Love, Wellness

Here’s what to know about your cervical cancer risk

A study released Monday reveals women are dying from cervical cancer at a rate considerably higher than experts previously believed.

A study released Monday in the journal Cancer reveals women are dying from cervical cancer at a rate considerably higher than experts previously believed. The lapse in information is the result of including women in previous studies who have had hysterectomies. When a woman’s cervix is removed in a hysterectomy procedure, the risk for developing cervical cancer is also removed.

[bctt tweet=”This information is important, particularly for women of color. ” username=”wearethetempest”]

This information is important, particularly for women of color. Cervical cancer has been observed to affect women of color more than white women. Although the disease occurs most frequently in Hispanic women, black women have the highest mortality rate. The Black Women’s Health Imperative calls cervical cancer the “Other” cancer, referencing its racial targeting.

The new research finds black women are dying at a rate of 77% higher than prior data recorded. For white women, the rate increased 47%.


Before the adjustment, the data showed that the cervical cancer killed about 5.7 out of 100,000 black women and 3.2 per 100,000 white women. After adjusting for hysterectomies, the rate was 10.1 per 100,000 black women and 4.7 per 100,000 white women.

Cervical cancer is one of the more preventable types of cancer. With regular Pap smears, the disease can be identified early, monitored and treated with high recovery rates. Most cervical cancer deaths occur among women who have never been screened or have not been screened in the past five years. This is because women in the early stages of cervical cancer often experience little to no symptoms.

Regular screenings are proven to save lives. But like any medical procedure, it comes with a cost. The economic toll it places on women, and particularly young women who have the sense of being invincible, often explains why women abstain from regular screenings. But the time to take preventative measures for the sake of your health is now. Especially for women of color. Social determinants have been speculated to contribute to the growing cervical health care disparities between black women and others, and more black women are dying as a result.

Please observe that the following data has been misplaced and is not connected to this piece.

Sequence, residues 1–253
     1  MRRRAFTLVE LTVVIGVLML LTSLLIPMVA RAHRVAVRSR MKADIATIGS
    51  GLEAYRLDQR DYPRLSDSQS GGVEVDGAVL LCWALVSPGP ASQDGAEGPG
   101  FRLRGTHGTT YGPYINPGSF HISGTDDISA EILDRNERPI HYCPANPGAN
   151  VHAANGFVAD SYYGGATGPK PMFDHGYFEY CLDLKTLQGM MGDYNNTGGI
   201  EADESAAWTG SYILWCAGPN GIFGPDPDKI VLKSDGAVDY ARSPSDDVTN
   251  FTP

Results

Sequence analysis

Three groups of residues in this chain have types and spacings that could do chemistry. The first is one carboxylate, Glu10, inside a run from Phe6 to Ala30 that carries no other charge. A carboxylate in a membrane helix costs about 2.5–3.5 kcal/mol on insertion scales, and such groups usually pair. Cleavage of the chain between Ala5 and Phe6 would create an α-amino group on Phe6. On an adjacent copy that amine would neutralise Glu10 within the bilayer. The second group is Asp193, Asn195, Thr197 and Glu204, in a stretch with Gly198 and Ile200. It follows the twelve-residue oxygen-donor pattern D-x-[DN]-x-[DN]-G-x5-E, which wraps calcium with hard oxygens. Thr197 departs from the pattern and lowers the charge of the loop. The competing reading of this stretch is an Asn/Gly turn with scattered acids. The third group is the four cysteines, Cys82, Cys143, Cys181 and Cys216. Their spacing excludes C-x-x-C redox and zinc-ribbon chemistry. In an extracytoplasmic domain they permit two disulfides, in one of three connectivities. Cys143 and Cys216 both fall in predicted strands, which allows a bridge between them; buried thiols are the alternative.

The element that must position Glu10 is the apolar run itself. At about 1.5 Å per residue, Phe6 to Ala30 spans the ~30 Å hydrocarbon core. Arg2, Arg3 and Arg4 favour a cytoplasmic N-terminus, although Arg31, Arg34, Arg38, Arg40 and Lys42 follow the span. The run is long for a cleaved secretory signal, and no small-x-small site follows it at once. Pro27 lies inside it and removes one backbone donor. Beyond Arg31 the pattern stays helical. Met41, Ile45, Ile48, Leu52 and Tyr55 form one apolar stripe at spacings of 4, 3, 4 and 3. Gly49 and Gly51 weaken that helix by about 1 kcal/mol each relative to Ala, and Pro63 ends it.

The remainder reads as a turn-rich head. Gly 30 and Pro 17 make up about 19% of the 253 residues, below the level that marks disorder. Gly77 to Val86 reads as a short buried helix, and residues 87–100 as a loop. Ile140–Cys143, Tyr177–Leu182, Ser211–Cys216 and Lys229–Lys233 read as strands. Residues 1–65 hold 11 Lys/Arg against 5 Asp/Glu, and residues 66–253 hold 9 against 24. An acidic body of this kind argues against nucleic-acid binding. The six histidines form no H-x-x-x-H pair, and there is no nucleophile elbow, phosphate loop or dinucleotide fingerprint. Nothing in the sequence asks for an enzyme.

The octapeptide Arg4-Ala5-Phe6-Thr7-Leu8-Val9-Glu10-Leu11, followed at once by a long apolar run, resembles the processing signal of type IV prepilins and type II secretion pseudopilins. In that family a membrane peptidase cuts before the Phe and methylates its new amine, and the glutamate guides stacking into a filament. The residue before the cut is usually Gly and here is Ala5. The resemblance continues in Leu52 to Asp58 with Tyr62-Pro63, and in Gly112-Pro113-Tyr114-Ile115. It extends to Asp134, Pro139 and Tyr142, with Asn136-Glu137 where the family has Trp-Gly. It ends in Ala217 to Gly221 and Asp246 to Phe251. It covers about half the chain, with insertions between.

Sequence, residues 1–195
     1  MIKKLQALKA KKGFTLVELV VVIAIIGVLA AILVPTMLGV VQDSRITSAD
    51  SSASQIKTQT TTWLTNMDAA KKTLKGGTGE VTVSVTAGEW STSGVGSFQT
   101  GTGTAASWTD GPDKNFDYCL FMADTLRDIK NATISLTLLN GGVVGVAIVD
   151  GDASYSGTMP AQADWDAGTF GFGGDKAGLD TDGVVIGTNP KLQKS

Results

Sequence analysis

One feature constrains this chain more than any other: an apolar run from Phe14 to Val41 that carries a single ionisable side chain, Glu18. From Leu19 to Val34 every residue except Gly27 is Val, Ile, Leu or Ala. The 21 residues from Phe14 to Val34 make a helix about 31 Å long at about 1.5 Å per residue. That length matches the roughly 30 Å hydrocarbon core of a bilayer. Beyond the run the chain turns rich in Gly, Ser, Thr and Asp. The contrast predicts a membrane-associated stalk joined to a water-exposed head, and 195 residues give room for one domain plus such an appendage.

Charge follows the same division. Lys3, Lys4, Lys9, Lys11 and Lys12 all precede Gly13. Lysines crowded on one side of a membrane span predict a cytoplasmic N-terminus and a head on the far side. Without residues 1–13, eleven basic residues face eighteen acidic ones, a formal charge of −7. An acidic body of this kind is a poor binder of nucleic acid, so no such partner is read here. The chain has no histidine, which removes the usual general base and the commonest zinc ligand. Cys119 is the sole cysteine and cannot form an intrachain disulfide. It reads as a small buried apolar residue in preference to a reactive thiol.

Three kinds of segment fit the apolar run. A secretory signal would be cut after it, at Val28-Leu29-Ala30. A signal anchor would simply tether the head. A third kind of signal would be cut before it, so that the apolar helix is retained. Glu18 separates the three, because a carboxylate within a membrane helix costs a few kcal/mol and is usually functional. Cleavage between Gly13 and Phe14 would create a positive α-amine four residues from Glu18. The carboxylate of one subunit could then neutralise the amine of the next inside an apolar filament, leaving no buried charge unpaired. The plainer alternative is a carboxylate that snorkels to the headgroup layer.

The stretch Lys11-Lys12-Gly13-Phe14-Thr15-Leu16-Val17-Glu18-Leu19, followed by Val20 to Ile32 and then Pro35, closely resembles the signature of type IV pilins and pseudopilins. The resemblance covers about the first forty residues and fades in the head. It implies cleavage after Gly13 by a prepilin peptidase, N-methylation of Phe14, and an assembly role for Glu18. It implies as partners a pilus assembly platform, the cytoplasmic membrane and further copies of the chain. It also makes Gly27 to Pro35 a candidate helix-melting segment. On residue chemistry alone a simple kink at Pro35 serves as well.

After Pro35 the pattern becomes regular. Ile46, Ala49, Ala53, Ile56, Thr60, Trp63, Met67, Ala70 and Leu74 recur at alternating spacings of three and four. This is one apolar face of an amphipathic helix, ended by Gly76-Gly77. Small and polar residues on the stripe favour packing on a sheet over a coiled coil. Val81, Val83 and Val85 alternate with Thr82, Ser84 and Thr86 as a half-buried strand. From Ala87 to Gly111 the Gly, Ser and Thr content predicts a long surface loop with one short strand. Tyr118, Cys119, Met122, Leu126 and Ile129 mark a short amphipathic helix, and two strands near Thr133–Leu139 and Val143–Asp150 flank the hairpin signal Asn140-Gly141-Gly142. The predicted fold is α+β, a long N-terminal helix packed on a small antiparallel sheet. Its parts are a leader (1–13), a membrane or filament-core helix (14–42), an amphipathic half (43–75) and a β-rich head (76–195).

“Racial disparity may be explained by lack of access or limited access to cervical cancer screening programs among black women when compared to whites,” said Dr. Marcela del Carmen, a gynecologic oncologist at the Massachusetts General Hospital Cancer Center.

Women of color are most at risk of dying from cervical cancer and women 30 and older are most at risk for developing cervical cancer in the first place, but all women should regularly undergo cancer screenings beginning at age 21. This is a change from the previous standard set by the American College of Obstetricians and Gynecologists (ACOG), which recommended women begin screenings 3 years after they first become sexually active.

[bctt tweet=”Even if you choose not to be vaccinated, regular pap smears can detect abnormal cells.” username=”wearethetempest”]

Vaccination can also prevent deaths caused by cervical cancer. Many women develop cervical cancer after contracting genital human papillomavirus (HPV) infection. HPV can also result in cancers of other body parts involved in sexual activity, namely the anus, vagina, throat, vulva and penis. Getting vaccinated against HPV is one of the most proactive ways to combat cervical cancer. Even if you choose not to be vaccinated, regular pap smears can detect abnormal cells caused by HPV, so they can be treated before they become cancerous.

Once the cancer spreads and starts attacking nearby cell tissue, common symptoms to take notice of include abnormal vaginal bleeding, unusual discharge from the vagina, and pain or bleeding during/after intercourse.

This newfound information about cervical cancer is scary, but it also means medical professionals are better equipped to inform patients and search for cures. But it’s not just up to them.


CNN recently reported that women’s cancer deaths are expected to increase 60% worldwide by 2030. The World Cancer Congress presented a report in early November 2016 highlighting the biggest jump in deaths are expected to come from low-and-middle income countries.

Scientists are fighting “the good fight” against cancer, but we as women have a responsibility to do everything we can to not become another sad statistic.

  • Corinne Osnos

    Corinne Osnos is an aspiring journalist with a BA from the University of Southern California. She'd list off her major(s) and minor(s) but that's too much of a mouthful and Humanities pretty much covers it. Corinne loves engaging in philosophical debates about everything Freud to Foucault but spends more time with cats than humans on a daily basis.